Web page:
The Golbat stared at Fabien, depressed, then, unable to muster enough emotion even to protest, flapped off to find the Gym. Apparently, he thought, he was Velma.

    The Magmas had, much like when Kester had first bested them, spent some time constructing a large and elaborate reason for their defeat; that is to say, Fabien had spent some time constructing a large and elaborate reason, while Blake nodded and admired it, and Goishi closed his eyes and thought dark and exasperated thoughts. The explanation thus devised was this: the boy had, using the not inconsiderable resources of Team Aqua, hired a large quantity of actors of the same age and general build as himself, and, utilising hair dye, make up and many sets of identical clothing, had disguised them so that, in the dim light of sunset, they might be mistaken for him. Blake had then asked why he had done this; Fabien’s reply had been that, of course, he had wanted to throw them off the scent and frighten them. Fabien had been somewhat less clear about precisely how the Rotom-boy had known that they were lying in wait up the path, but it was generally understood amongst the three Magmas that Fabien was almost certainly correct.

    Once this explanation had been provided, they had been able to laugh at how foolish they were and climb down the support in peace. However, they had been chased back up again by a pack of wild Manectric that seemed averse to allowing them safe passage through their territory; with this and other obstacles, it had taken them rather longer to get to Mauville than they would have liked. ‘Longer’, in this case, signifying several extra days.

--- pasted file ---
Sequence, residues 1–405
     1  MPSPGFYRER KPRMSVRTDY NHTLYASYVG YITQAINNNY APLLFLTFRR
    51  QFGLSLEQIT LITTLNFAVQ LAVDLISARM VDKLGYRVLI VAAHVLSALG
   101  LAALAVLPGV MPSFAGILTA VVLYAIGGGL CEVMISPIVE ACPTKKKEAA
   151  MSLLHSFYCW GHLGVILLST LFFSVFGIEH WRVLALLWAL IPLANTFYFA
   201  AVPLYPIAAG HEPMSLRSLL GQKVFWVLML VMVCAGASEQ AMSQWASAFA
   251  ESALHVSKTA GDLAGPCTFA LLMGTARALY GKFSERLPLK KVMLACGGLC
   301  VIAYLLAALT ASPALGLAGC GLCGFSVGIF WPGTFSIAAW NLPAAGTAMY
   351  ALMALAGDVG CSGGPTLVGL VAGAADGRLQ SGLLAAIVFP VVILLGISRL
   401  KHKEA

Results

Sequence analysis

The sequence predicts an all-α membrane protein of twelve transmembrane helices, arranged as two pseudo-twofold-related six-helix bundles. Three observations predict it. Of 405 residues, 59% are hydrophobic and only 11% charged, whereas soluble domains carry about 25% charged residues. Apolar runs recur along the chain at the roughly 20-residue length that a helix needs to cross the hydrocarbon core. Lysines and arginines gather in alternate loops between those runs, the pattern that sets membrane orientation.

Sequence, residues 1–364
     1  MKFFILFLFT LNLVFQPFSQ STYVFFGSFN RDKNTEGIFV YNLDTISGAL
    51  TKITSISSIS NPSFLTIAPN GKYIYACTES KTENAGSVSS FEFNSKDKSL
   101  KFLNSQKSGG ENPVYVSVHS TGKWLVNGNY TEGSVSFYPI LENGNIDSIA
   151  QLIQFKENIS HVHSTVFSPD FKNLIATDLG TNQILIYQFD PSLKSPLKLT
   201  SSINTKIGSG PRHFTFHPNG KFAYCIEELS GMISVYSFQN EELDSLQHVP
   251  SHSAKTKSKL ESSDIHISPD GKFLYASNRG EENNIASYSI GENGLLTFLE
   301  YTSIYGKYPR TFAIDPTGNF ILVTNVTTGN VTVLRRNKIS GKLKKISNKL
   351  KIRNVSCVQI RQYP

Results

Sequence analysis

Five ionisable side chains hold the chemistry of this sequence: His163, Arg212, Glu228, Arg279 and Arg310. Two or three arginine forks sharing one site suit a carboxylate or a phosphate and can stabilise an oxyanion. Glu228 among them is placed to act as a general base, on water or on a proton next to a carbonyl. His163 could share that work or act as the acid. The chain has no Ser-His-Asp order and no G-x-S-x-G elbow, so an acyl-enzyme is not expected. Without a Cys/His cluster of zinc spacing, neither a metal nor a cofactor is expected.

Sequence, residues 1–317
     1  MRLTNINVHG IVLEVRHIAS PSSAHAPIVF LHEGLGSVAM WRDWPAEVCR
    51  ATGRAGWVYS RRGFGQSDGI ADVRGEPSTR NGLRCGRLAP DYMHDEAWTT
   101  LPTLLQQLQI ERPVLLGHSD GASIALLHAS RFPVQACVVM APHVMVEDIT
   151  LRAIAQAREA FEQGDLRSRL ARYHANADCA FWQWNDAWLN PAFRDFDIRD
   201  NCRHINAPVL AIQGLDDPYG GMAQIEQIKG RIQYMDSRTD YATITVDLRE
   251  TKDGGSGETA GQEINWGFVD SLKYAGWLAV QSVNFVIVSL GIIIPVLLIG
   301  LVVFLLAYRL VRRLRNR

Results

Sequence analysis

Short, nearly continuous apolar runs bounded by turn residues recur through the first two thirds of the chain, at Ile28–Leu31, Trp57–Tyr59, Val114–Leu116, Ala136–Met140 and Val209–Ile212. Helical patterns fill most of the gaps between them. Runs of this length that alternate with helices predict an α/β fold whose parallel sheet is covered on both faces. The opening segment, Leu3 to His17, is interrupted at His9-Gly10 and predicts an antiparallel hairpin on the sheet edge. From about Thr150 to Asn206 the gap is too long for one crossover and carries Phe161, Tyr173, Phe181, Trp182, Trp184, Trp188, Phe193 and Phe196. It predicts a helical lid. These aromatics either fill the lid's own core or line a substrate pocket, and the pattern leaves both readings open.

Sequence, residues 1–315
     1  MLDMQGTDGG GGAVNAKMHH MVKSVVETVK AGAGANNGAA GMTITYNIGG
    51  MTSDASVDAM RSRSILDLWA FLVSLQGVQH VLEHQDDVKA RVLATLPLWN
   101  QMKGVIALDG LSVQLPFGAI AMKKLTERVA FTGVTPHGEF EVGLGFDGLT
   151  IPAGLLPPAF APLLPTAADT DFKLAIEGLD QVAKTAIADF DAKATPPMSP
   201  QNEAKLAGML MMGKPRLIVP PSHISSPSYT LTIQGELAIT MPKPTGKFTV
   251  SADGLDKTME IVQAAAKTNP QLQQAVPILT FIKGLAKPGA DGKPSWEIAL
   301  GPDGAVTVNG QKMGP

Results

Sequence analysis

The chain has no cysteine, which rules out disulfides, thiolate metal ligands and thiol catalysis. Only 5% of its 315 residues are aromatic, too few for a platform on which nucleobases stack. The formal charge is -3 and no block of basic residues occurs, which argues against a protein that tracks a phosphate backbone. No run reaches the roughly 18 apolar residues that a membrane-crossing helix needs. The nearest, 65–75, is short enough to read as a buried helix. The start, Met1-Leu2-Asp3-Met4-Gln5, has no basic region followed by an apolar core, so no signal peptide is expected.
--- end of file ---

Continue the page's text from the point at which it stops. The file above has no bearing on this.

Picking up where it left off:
From there, they had swiftly reached the city’s main shopping centre, the Mauville Memorial Centre – although what it was a memorial to was something that no one could have told you – and that was where Fabien had conceived a plan to split up and search for their targets. He and Blake would search the Memorial Centre, and Goishi would search at the Gym and Centres.

    Fabien strolled into the mall, and inhaled deeply, taking in the scents of sophistication and civilisation that gathered in the air around him. It was good to be back in a city, he decided.

    “Right, Blake,” he said. “A light meal, and I think we’ll be ready to proceed, don’t you?”

    “A’righ’.” His partner nodded his assent, and they went off in search of food.


    Barry came to in the back of a moving van, slumped against one wall. He immediately divined that his shoulder hurt, and gave a corresponding groan of pain; a second or two later, he worked out that his neck also hurt, due to his position, and made a second groan of equal or greater value.

    “Is this a hangover?” he wondered. “No... I wasn’t drunk...” He snapped his fingers. That was it – that weird white Sableye had blasted him with a Power Gem. Or it might have been a wrecking ball; judging by the pain, it could have been either. “Where am I?” he asked, banging on the van’s wall.

    “Quit it,” came a terse reply. “I’m taking you to Mauville, moron. You got beaten up by those kids.”

    The tone of the voice so clearly conveyed contempt that Barry was forced to consider the prospect of it being what is commonly known as ‘scathing’; after a moment’s reflection, he decided that, regrettably, it was. He let out a long sigh, and settled into a marginally more comfortable position.

    “Did we get them in the end?” he asked.